I had just assumed I would keep up my addiction and career until I died at 50 from a stroke or cancer or whatever long-term effect of addiction would get me. However, in 2012, my twin sons were born. I realized I couldn’t raise them in a household where addiction was second-nature. I needed to figure out how to get things done without my crutch, so I could demonstrate it to them. I needed to live longer than their mid-teenage years.
And, apparently, a guy’s teenage years can now extend into his fifties
So I quit cold turkey. I see what people mean when they say pot is not physically addictive. Sure I had shakes and vomiting and weird psychotic thoughts, but after a few days that all subsided. In fact, after a week marijuana no longer had the beneficial effects I had come to lean on. Getting high after that actually decreased my performance at my job, just like it does for most people. That was that, I had kicked pot simply by putting away the childish behavior and maturing a little bit. Everything was wrapped up nicely.
Except it wasn’t.
Because it’s not “just” pot.
Sure, I had quickly gotten over the substance’s physical effects, but its influence on my life took much longer to replace. In fact, my career never did fully recover. My comedy articles immediately became way less insightful, leaning on the humor of my jokes rather than their meta-commentary on modern foibles of society. That’s schticky, that’s basic, and it doesn’t sell. My articles stopped front paging on sites viewed by millions. They devolved into trite listicles that became part of millions of trite listicles bloating the corpse of the main humor-writing format of the Internet.
It was 2013, and I no longer had a career. Because it wasn’t “just” pot. It wasn’t even “just” a crutch. Marijuana was a vehicle that got me where I needed to go. It was the only way I knew how to get where I wanted to go.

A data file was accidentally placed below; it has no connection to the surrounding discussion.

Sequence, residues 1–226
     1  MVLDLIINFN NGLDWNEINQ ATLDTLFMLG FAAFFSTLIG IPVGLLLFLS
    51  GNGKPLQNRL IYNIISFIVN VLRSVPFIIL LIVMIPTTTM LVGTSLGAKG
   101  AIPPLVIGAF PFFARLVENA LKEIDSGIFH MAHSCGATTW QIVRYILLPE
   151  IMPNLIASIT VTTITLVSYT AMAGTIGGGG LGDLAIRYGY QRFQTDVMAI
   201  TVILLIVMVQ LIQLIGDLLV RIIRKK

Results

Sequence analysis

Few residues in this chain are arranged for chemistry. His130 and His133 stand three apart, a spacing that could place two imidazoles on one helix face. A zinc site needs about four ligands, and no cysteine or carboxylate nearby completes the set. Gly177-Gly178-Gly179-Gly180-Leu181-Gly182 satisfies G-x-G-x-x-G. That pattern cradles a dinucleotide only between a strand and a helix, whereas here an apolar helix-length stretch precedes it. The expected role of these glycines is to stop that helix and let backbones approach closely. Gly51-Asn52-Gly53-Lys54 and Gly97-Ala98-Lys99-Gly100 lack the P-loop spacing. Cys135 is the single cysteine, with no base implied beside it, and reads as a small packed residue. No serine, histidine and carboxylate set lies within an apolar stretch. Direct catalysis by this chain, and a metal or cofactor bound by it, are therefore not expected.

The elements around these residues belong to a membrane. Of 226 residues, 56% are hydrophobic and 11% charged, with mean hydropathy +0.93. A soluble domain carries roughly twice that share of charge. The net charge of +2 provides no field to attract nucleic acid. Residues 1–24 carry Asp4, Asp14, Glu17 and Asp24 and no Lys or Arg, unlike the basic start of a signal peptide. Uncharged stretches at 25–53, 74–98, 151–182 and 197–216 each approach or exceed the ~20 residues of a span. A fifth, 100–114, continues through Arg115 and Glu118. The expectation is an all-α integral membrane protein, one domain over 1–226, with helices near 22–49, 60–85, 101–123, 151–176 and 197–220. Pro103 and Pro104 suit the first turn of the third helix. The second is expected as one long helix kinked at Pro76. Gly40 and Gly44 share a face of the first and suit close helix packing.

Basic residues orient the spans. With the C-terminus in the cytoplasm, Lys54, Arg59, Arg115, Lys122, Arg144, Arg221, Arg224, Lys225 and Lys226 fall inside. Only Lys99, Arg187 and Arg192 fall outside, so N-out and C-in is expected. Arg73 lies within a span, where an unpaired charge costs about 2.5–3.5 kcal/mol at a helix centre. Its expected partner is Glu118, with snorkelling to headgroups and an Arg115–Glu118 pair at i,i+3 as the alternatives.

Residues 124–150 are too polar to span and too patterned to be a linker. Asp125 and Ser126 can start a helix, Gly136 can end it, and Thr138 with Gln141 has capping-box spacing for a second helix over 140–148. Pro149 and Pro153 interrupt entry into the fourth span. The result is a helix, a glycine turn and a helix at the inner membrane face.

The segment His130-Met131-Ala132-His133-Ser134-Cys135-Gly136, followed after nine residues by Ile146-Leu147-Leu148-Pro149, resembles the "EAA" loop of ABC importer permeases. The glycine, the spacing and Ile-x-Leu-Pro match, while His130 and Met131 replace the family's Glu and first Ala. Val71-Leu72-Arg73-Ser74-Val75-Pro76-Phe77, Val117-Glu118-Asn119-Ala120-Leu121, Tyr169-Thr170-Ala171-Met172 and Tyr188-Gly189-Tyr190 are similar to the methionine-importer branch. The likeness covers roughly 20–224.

I back-burnered the writing, doing a few listicles and jokes-on-commission each week, but putting most of my focus into teaching. For five years I was sober (at least at work). I built up a career in a new industry. Naturally, education doesn’t pay as much as jokes, but rounded out with the trickle of comedy writing I still did and my hardworking wife’s income it was enough to support our family and pay our mortgage.
Then, in October of 2017, the firm my wife worked for was restructured and she found herself without a job. This unemployment persisted for longer than we expected, primarily because my wife had struggled to make it in a glass-ceilinged male-dominated industry for so long, she kept applying for similar jobs to the ones she had without realizing she was really overqualified.
So I took on more teaching work. I worked 60-80 hours a week, but it’s hard for a teacher, even working double time, to provide enough income for a mortgage and two kids. I was tempted to drink or smoke weed, anything to keep my body and brain working long enough to do more. I decided that it was more important to stay sober at work (I was a teacher, after all) and just deal with the mounting debt when my wife found work.
No, I know: All of your teachers were pot-smoking alcoholics,
just… stick with me, here
Then, last June, something horrible happened. Something that sent me rushing back into the throngs of addiction, something that only happens to those bearing true tragedy… or those unlucky enough to win the lottery:
Everything came up wonderful at the same time.
My wife got hired at a much higher level than she had been at, higher than the position she actually applied for. At the same time, I got “hot” as a writer again: I got a book deal. I got offers to write several video games. This here site I co-own, a passion project me and several internet friends decided to make because we wanted to say things about fantasy football, both humorous and analytical, that other sites weren’t saying, got almost a million hits in two months. It was almost as if… I had been struggling on the Cleveland Browns for years and I suddenly became part of an organization built on winning.
See, I worked in the issue of whether to start or sit Josh Gordon.
That’s good writing… I think… I can’t really tell because I’m sober